A slacker’s guide to OER

I just finished writing the first draft of an online module that is part of a larger multi-university faculty and staff development program in online and distance learning for a developing region in the world. I have been lightly involved with this project for several years, largely because I believe in its longer-term value; i.e., to build capacity in providing locally developed learning opportunities accessible to educationally underserved and remote learners.

It made sense to try to build the module content as much as possible from open educational resources (OER), leaving me more time to focus on other pieces that help to foster engaging learning experiences. The focus of this module was administrative processes and systems integration for the implementation of online learning systems at a large scale in higher education institutions. Apart from finding content at appropriate levels of complexity and avoiding overly corporate examples, the foundational material of this module seemed pretty generic to me.

I started off with that time-honored, highly academic and rigorous approach known as “just poke around and see what comes up.” What did this look like? I suppose I should be embarrassed at how simple it was. I made up a list of key terms and started to search. Apart from a directory of open access journals, I didn’t go to any other directories, repositories or collections of links to open content. I just used Google, Google Scholar, and Google Images. BTW this isn’t intended as an ad for Google; I was just following the easiest possible path that appeared in front of me in the moment.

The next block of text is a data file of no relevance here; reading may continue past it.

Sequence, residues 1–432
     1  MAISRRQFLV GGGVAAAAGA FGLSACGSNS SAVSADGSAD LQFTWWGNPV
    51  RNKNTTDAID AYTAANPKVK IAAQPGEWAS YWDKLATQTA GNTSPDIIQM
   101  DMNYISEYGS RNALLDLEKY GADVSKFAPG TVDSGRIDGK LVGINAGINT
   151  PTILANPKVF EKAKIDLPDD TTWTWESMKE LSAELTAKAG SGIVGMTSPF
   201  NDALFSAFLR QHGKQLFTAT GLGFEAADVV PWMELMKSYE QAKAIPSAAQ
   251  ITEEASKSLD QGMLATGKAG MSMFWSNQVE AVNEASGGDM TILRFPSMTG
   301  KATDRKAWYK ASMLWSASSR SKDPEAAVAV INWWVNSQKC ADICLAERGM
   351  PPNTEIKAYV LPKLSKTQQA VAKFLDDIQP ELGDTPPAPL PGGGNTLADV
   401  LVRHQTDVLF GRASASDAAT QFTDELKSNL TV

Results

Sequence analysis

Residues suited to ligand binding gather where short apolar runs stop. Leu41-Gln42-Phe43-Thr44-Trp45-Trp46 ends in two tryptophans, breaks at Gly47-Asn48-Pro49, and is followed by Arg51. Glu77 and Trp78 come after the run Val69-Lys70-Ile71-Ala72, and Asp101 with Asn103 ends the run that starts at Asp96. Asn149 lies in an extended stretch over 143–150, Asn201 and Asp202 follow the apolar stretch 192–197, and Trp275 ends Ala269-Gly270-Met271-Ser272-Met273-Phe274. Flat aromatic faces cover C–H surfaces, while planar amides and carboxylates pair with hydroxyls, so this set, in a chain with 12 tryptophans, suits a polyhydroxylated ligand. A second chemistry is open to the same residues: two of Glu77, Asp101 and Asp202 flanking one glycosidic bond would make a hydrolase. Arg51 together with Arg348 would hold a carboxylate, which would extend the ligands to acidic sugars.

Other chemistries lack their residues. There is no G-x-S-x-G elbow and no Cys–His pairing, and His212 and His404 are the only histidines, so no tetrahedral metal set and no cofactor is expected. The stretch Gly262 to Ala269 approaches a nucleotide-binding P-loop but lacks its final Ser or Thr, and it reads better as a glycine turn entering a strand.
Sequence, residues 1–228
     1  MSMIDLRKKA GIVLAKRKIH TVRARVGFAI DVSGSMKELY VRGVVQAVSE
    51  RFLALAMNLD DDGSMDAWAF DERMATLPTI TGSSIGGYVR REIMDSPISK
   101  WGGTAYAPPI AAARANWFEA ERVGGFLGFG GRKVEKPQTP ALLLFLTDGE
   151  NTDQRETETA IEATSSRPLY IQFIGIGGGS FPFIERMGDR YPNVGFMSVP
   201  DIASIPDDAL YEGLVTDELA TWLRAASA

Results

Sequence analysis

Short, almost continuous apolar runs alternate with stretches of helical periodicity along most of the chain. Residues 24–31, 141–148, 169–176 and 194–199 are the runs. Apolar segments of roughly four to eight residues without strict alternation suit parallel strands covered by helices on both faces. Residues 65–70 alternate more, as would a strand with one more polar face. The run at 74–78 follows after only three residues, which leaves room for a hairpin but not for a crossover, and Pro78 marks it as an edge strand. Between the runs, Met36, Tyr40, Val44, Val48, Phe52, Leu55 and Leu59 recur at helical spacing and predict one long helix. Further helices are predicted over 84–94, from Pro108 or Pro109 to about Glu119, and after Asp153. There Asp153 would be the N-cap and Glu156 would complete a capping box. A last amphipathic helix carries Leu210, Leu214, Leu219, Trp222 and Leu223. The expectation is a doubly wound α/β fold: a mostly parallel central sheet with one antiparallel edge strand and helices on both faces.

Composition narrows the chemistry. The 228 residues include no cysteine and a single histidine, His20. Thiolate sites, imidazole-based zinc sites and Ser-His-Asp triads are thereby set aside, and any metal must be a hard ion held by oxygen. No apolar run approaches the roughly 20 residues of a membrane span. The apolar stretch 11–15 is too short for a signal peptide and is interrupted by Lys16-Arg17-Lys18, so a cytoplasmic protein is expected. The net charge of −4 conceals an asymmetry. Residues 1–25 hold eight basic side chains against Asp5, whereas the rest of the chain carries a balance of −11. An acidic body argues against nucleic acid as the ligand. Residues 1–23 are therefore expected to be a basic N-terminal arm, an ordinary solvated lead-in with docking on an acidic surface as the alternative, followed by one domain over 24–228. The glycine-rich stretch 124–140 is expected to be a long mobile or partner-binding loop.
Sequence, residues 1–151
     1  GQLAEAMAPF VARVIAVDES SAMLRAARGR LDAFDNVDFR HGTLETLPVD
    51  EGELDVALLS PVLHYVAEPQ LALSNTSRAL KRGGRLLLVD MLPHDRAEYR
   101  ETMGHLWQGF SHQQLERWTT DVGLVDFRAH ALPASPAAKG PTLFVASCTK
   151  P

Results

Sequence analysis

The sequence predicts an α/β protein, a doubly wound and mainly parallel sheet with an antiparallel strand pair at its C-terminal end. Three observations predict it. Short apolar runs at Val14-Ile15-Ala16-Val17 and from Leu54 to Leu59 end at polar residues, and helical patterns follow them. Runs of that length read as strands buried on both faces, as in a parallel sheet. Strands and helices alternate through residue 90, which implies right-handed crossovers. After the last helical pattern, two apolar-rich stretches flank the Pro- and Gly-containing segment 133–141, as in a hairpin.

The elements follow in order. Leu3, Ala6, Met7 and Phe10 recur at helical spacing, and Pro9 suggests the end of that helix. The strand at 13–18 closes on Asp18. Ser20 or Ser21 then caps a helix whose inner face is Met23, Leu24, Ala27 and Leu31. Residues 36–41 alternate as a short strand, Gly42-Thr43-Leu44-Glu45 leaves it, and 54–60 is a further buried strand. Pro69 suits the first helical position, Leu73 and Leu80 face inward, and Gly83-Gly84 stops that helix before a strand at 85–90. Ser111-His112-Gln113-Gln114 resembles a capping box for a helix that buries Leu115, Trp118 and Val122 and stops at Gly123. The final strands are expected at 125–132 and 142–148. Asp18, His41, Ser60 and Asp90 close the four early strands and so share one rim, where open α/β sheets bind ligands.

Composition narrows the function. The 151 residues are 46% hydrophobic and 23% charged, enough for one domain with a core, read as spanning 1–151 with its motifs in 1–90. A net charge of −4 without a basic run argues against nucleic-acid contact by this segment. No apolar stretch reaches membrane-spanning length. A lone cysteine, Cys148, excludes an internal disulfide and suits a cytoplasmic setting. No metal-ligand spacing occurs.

I was looking for chunks of relevant content that I could whittle into shape for my module. For each section I searched specific topics using key terms (information systems; business processes, systems integration, workflow analysis, process documentation, and perhaps 15-20 others). I usually combined these terms with either “open course” or “open textbook” along with, occasionally, “higher education” or “online learning.” This was not a highly scientific approach and I’m sure any research librarian could have done ten times better. But it still worked for me.

Interestingly, combining my search terms with “OER” led less to openly licensed content in my search term areas, than to material about OER implementation processes. But that’s not what I was after. It was just a reminder of how far we are from a semantic web. (Serendipitously however, that search did produce one useful resource related to OER that I could use as an example of workflow mapping. This was by Lisa J. Scott from Heriot-Watt University, who is a hero not only for putting her content online under a CC license, but also for having a resume with many interesting ed-tech type projects including JISC’s now-parked  UKOER initiative – and  for the fact that she is a 4th Dan karate blackbelt as well. A triple hero, then.)